This banana avocado chaat recipe is inspired by a dish at the Rasika Indian restaurant in Washington D.C. The combination of sweet and tangy is both unmistakable and irresistible.
I can't thank my cousin Darshan enough for his recommendation. The food, the atmosphere, and the Chef's humble and friendly attitude were inspirational. The drinks and appetizers were so unique compared to the Indian dishes we're used to while dining out.
One dish that resonated with all of us was the banana chat which was an incredible blend of sweet, tangy, and spicy flavors. We would have never tried it if it was not recommended. While we all love to experiment with food we generally don't like bananas in any form mixed into our meals.
When the appetizers arrived we were surprised to see the bananas grilled and perfectly stacked on the sides. With hesitation we took one bite and we were hooked. My husband and I couldn't stop digging into the amazing flavors! With a few bites remaining, I took a snap so I could recreate it as soon as we got back.
Here is my attempt to make the banana avocado chaat as inspired by restaurant Rasika in Washington D.C.
What Is Chaat?
Chaat is a sweet and spicy food sold on street/food carts all across India. It is a very aromatic dish and how it's made varies based on which part of the country you are in at the time. The recipes might differ, but they all have a few things in common - they usually spicy, sweet, tangy, and have a little crunch.
Chaat is an ancient recipe, with the first recorded mention of it in the Manasollasa, a 12-century Sanskirt encyclopedia. It originated in northern India as spicy fried snacks. Pav bhaji (which is a bread/bun with cooked vegetables) originated in Mumbai.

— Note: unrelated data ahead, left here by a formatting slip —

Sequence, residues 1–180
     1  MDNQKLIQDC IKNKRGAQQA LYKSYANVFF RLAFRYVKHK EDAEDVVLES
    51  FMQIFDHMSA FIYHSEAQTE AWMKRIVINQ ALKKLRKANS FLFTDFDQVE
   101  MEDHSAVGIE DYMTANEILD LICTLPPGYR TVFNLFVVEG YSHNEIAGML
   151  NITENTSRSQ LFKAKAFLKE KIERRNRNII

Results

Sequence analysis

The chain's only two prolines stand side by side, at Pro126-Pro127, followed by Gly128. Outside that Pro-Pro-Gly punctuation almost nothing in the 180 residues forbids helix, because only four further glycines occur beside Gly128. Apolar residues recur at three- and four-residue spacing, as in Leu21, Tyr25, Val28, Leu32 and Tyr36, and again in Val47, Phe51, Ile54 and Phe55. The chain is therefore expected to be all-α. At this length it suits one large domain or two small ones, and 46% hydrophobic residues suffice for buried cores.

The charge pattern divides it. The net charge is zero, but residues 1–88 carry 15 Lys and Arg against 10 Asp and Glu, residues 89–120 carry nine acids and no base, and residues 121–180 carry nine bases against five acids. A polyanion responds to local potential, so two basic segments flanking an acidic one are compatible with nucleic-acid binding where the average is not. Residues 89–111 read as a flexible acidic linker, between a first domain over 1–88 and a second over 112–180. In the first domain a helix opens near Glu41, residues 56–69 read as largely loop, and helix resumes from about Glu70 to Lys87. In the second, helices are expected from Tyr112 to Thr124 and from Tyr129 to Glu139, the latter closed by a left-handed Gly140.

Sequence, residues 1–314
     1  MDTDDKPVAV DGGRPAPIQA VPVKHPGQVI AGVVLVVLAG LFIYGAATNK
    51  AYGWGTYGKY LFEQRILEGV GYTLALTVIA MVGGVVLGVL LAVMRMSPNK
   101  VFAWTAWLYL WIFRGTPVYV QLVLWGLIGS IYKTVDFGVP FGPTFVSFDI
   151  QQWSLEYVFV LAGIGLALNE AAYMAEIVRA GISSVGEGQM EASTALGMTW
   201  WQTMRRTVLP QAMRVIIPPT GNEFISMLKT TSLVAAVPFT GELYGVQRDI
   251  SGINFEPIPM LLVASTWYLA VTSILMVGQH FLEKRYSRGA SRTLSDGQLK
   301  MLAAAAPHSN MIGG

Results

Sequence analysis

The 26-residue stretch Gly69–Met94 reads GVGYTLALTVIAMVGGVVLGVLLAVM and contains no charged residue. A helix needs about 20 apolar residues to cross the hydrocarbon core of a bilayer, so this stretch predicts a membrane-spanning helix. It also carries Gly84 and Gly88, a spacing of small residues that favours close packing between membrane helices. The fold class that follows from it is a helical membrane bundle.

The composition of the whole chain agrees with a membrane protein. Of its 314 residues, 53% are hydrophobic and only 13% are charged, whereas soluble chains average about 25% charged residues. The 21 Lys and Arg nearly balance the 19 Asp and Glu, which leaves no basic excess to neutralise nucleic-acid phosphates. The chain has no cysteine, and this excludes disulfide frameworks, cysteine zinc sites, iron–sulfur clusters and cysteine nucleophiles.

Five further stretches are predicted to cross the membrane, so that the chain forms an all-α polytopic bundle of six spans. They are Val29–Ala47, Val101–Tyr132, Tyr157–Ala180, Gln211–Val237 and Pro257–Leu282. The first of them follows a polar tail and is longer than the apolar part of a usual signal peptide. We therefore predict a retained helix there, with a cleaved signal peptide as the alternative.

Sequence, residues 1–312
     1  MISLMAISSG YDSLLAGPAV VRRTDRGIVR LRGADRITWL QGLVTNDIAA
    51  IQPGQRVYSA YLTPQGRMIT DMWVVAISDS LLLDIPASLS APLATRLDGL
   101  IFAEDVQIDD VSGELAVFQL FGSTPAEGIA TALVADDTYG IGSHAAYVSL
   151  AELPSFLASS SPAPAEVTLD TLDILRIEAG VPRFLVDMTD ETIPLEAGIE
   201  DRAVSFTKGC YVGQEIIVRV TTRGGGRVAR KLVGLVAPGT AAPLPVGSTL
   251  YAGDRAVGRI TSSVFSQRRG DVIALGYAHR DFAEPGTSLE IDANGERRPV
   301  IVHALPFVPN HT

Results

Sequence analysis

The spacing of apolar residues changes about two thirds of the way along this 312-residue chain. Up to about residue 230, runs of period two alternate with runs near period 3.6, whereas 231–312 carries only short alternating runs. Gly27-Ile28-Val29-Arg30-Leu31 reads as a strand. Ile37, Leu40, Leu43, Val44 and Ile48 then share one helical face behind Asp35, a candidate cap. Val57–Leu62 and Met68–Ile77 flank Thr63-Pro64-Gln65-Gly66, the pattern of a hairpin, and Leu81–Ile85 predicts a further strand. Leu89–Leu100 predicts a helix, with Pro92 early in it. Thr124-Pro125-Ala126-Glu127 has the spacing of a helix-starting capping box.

Today, there are lots of different flavors and creative ways people make them. They sell them on food trucks and food carts all around the country.
There are so many different types of chaat that I could write an entirely new post about them. All of them share the same types of ingredients:
- Base - Normally a carb, it can be samosa, puffed rice, or fried flour cracker.
- Sauce - Most of the time it's some form of chutney. Others use plain yogurt.
- Crunch - Some will have sev (spicy fried potato bits) or masala chana (fried chickpeas)
- Vegetable - This varies completely based on the recipe
- Umami - Most chaat will have some masala spice on it
When I ate at Rasika Indian restaurant in Washington D.C, I was surprised by this chaat recipe. It used bananas as the base and avocados as the vegetable. I had never tried anything like it before and I knew I had to recreate it.
The tamarind chutney is the perfect spice to balance the sweet taste of the banana. The cumin and red chili powder bring even more heat to the dish.
Even though chaat usually has a crunchiness to it, this recipe leaves that out. I loved the smooth texture of the banana and avocado. Surprisingly, when you grill the bananas, they taste even sweeter and have a crispier exterior too.
This will not store very well. I suggest eating it fresh, so only make as much as you think you will eat.
Enjoy this dish with a fork or spoon. I like to enjoy it with a refreshing cold drink when I'm in the mood for a healthy snack.
Chaat is a combination of mouthwatering flavors. It's both spicy and sweet, with salty and umami notes that are tangy too.
If you want this banana chaat to taste spicier, add a few more red pepper flakes.
More Appetizer Ideas
If you enjoyed this banana avocado chaat, here are some more snacks and appetizer recipes that you should make next!
- Air Fryer Tandoori Chicken
- Paneer Tika
- Air Fryer Cauliflower Buffalo Wings
- Air Fryer Fish Sticks
- Aloo Chaat in Phyllo Cups
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Banana Avocado Chaat
- 1 Avocado ripe
- 1 Banana Ripe but Firm
- 2 tablespoon tamarind chutney
- ¼ teaspoon cumin powder
- ¼ teaspoon red chili powder
- ¼ cup cilantro chopped
- ¼ teaspoon salt or to taste
- ¼ teaspoon ground black pepper or to taste
- Peel the banana and cut it half lengthwise and then cut the 2 halves in the middle to make 4 pieces. Put grilling pan on medium-high heat, brush the bananas with olive oil and grill the bananas until they turn golden brown on both sides. Sprinkle some salt and pepper on it.
- Peel and cut the avocado into bite-size pieces. Add tamarind chutney, salt, and cumin powder to it and mix well.
- Dish the avocados in the middle of a plate. Put the grilled bananas on the sides. Sprinkle with some red chili powder. Garnish with cilantro. Enjoy!
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